Those who bought Alcoa July call options on Monday managed to catch a break in spite of lackluster quarterly results. Late Monday the aluminum maker posted revenue figures below analysts' estimates -- the very type of news that can hammer a company's shares and evaporate the value of call options.
The controversy over just what the U.S. Supreme Court's ruling on Leegin v. PSKS means is still fueling debate. Hedda Schupak, Editor-in-chief of Fine Jewelry publication JCK wrote in with her impression on just what the ruling will mean for high end retailers. She seems to think that price-flooring has been going on for a long time and that the new ruling won't change those practices that drastically.
Google has acquired GrandCentral Communications, a start-up that lets users manage their existing phones and voice mailboxes over the Web as if they were a single account, the company said on Monday.
As far as the WWE is concerned, Chris Benoit never existed. That's because they've taken the wrestler who killed his wife and son before killing himself off their Web site. A page that used to be his bio reverts to the current front page of the Web site, as does every major article written on his successes. Strangely, out of all the clicking I did Sunday night, the WWE still has its Benoit tribute piece up on the site. They've also pulled all the Benoit merchandise off the site. When you search for Chris Benoit on WWEShop.com, it comes up discontinued.
It has been a week since I questioned whether Vince McMahon’s fake death could lead to shareholder lawsuits since McMahon is so material to the organization’s business. Last Tuesday, the WWE said they had not received any calls from those holding WWE stock and then promptly named me a suspect in the death of “Mr. McMahon,” who they said was the character played by Vince McMahon. Well, this morning I walked into the office and received this statement in my e-mail box from the WWE...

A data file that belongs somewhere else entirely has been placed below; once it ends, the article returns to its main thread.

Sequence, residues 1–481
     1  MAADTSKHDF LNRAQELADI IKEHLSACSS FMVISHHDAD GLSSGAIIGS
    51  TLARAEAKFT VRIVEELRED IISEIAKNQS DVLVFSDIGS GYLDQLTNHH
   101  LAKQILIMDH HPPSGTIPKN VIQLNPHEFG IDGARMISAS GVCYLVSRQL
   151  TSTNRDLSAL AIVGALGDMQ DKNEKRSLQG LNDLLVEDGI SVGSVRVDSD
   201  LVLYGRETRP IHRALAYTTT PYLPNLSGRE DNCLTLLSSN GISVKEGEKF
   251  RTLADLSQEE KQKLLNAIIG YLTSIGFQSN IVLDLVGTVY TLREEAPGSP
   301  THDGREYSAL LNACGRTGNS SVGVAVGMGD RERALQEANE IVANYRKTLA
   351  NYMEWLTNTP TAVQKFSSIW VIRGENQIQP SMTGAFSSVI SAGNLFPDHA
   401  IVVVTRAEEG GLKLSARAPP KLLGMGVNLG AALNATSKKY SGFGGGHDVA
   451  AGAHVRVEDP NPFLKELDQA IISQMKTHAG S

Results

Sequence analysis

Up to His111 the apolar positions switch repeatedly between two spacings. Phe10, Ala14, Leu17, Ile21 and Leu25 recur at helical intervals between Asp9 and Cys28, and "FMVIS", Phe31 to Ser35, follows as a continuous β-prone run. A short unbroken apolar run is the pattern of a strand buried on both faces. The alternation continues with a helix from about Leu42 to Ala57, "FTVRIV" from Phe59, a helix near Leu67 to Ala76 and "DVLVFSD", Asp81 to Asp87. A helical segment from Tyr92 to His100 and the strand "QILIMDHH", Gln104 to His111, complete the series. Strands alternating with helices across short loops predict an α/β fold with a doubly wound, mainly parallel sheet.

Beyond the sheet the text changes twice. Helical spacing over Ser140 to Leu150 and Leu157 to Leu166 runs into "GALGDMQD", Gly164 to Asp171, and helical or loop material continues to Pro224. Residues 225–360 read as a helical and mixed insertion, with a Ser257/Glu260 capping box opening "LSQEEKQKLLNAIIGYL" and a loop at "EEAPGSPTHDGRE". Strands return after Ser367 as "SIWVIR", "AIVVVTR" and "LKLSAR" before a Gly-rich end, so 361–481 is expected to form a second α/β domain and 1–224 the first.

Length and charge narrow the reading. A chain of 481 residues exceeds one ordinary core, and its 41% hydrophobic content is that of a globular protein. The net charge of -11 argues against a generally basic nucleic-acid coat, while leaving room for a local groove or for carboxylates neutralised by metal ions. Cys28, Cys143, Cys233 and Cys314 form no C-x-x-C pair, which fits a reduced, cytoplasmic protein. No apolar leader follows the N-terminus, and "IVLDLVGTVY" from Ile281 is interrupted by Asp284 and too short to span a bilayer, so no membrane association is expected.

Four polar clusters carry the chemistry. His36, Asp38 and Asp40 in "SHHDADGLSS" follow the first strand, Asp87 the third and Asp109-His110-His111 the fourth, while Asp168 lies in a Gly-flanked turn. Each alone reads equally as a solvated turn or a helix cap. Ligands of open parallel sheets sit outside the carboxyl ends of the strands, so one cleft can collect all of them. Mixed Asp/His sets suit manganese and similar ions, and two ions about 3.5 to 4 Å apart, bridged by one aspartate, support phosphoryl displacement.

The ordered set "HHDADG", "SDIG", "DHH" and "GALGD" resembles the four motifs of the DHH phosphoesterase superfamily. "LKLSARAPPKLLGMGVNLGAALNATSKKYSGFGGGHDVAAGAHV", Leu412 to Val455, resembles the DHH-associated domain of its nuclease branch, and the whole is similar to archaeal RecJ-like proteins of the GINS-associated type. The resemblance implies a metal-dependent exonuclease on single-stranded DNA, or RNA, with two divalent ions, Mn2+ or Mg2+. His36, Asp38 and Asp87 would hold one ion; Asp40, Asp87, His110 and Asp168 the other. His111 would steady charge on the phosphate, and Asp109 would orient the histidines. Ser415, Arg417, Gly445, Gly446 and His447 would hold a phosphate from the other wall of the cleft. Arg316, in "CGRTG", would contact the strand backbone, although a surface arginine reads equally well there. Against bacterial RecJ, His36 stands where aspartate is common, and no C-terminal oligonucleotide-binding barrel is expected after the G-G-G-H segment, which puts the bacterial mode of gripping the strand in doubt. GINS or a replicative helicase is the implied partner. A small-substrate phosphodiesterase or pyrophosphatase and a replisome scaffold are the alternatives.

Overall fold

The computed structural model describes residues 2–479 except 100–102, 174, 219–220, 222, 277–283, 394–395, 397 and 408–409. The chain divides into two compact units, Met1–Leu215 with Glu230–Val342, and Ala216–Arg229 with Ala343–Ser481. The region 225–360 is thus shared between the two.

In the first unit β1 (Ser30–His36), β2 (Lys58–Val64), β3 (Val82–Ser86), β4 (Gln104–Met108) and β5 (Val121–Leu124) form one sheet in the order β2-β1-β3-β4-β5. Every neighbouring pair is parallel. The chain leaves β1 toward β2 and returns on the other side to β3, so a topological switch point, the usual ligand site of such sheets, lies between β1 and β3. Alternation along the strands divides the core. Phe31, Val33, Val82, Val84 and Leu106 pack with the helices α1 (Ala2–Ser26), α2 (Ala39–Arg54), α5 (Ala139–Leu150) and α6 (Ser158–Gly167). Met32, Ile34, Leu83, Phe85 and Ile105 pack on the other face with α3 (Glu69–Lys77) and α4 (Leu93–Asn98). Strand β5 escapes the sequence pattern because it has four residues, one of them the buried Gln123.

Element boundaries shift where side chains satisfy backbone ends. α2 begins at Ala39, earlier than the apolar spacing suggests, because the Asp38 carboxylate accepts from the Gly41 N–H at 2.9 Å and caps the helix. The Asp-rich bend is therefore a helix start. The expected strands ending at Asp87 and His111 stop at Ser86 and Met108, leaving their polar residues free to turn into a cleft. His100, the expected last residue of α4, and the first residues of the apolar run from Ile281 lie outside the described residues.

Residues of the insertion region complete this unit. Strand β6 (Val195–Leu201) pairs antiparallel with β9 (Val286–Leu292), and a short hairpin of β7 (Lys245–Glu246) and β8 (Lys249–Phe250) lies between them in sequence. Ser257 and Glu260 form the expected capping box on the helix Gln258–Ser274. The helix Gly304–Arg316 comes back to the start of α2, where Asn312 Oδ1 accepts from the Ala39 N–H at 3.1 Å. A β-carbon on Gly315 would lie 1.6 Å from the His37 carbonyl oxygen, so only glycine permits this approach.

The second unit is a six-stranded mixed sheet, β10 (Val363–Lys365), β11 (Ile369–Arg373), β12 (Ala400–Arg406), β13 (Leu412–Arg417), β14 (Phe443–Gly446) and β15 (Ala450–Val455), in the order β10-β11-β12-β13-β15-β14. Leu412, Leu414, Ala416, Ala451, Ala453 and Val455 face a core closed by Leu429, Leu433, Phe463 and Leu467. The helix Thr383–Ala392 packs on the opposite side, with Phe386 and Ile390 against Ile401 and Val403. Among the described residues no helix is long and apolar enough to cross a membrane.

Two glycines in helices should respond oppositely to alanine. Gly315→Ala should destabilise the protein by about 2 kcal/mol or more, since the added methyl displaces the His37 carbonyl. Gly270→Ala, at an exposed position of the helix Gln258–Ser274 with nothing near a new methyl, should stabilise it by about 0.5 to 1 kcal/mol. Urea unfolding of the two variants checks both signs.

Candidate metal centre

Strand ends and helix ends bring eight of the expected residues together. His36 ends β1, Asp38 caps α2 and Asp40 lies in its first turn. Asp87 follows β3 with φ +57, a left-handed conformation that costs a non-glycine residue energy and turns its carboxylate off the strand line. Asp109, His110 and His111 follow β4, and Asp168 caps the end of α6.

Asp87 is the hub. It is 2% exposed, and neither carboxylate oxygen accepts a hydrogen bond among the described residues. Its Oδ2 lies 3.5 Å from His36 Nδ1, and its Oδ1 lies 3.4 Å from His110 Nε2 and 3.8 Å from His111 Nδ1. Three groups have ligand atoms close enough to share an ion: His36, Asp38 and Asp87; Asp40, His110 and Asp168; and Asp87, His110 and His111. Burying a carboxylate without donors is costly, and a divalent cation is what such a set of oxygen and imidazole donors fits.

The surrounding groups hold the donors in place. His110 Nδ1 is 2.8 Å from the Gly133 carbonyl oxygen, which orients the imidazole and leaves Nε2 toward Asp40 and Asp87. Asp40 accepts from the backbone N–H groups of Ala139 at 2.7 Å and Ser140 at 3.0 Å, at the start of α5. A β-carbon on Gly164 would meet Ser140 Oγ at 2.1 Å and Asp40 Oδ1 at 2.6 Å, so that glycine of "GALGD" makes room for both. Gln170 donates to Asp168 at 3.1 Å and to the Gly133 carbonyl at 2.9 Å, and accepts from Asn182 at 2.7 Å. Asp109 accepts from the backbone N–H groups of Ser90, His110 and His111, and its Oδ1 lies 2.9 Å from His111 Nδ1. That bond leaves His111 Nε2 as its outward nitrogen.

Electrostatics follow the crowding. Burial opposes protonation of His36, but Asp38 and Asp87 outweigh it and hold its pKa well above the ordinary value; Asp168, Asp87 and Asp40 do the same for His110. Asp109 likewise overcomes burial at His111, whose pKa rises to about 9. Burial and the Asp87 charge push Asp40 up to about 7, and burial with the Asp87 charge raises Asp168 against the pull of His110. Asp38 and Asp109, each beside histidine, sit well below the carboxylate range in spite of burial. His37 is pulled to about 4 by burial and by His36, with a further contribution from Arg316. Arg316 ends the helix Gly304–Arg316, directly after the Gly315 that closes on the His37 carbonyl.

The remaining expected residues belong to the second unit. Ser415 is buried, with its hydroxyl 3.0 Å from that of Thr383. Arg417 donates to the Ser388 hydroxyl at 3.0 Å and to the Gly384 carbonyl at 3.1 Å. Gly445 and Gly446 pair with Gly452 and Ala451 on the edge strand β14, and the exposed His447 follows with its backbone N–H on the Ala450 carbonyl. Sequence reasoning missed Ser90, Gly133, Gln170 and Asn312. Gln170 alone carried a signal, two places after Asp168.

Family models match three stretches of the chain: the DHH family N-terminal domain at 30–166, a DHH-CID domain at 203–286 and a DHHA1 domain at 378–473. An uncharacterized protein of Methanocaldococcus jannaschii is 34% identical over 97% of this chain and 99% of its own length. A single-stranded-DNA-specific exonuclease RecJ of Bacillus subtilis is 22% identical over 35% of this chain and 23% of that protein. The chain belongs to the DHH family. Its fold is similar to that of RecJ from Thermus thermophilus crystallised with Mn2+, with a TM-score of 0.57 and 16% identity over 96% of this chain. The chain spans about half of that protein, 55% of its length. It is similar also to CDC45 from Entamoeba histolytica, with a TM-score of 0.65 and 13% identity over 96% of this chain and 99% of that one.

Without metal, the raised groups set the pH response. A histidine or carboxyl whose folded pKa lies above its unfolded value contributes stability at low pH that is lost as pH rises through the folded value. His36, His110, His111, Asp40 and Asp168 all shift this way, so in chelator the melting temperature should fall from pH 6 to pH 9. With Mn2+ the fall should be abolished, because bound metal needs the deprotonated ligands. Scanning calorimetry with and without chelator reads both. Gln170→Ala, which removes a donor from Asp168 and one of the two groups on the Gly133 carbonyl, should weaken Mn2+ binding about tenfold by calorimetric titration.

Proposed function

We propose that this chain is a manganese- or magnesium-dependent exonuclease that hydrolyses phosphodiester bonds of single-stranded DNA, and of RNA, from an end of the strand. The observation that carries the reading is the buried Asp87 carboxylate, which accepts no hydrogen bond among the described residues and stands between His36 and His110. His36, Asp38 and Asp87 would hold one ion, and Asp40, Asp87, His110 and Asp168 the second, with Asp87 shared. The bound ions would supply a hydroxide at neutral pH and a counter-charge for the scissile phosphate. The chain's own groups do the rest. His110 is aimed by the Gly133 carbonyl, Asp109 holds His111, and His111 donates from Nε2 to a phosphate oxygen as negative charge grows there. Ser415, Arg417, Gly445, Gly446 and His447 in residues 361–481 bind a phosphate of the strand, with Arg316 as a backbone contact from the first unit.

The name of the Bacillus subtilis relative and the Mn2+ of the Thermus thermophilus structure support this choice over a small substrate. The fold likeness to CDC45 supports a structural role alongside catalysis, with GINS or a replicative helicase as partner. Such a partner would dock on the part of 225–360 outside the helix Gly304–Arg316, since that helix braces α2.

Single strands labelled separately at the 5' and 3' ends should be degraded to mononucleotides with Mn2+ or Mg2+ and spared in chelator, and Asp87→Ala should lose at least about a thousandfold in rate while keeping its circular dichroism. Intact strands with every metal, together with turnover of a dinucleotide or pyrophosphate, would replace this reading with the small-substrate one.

After an amazingly busy week of Apple Inc., Yahoo, Microsoft, Google, eBay and the ever-growing valuation bonanza shaping up here in the Silicon Valley, you'd expect a flood of email, and ummm, I'm still dripping! So, in keeping with my earlier promise of not just printing, but answering, the missives, here we go!
In the wake of Terry Semel leaving Yahoo and Jerry Yang stepping back in, the question is, how far will those ripples be felt. A couple of my in-the-know sources are predicting that Microsoft will buy Yahoo. And then of course there's speculation that Yahoo might combine with eBay. But let's talk about News Corp talking about swapping MySpace for 25% of Yahoo -- what would that loss mean for News Corp.
Yahoo's next chapter begins today with a "what's old is new again" approach. Yahoo co-founder Jerry Yang moves into the C-suite; and Susan Decker moves next door as the company's president. And with a few hours under our belts to digest Terry Semel's departure, it gives us some opportunity to look ahead at what's next for this company.
A spat that erupted this week between eBay and Google after Google tried to siphon attention from the online auctioneer's grand user celebration might presage more tension in one of the Internet's most interesting new rivalries.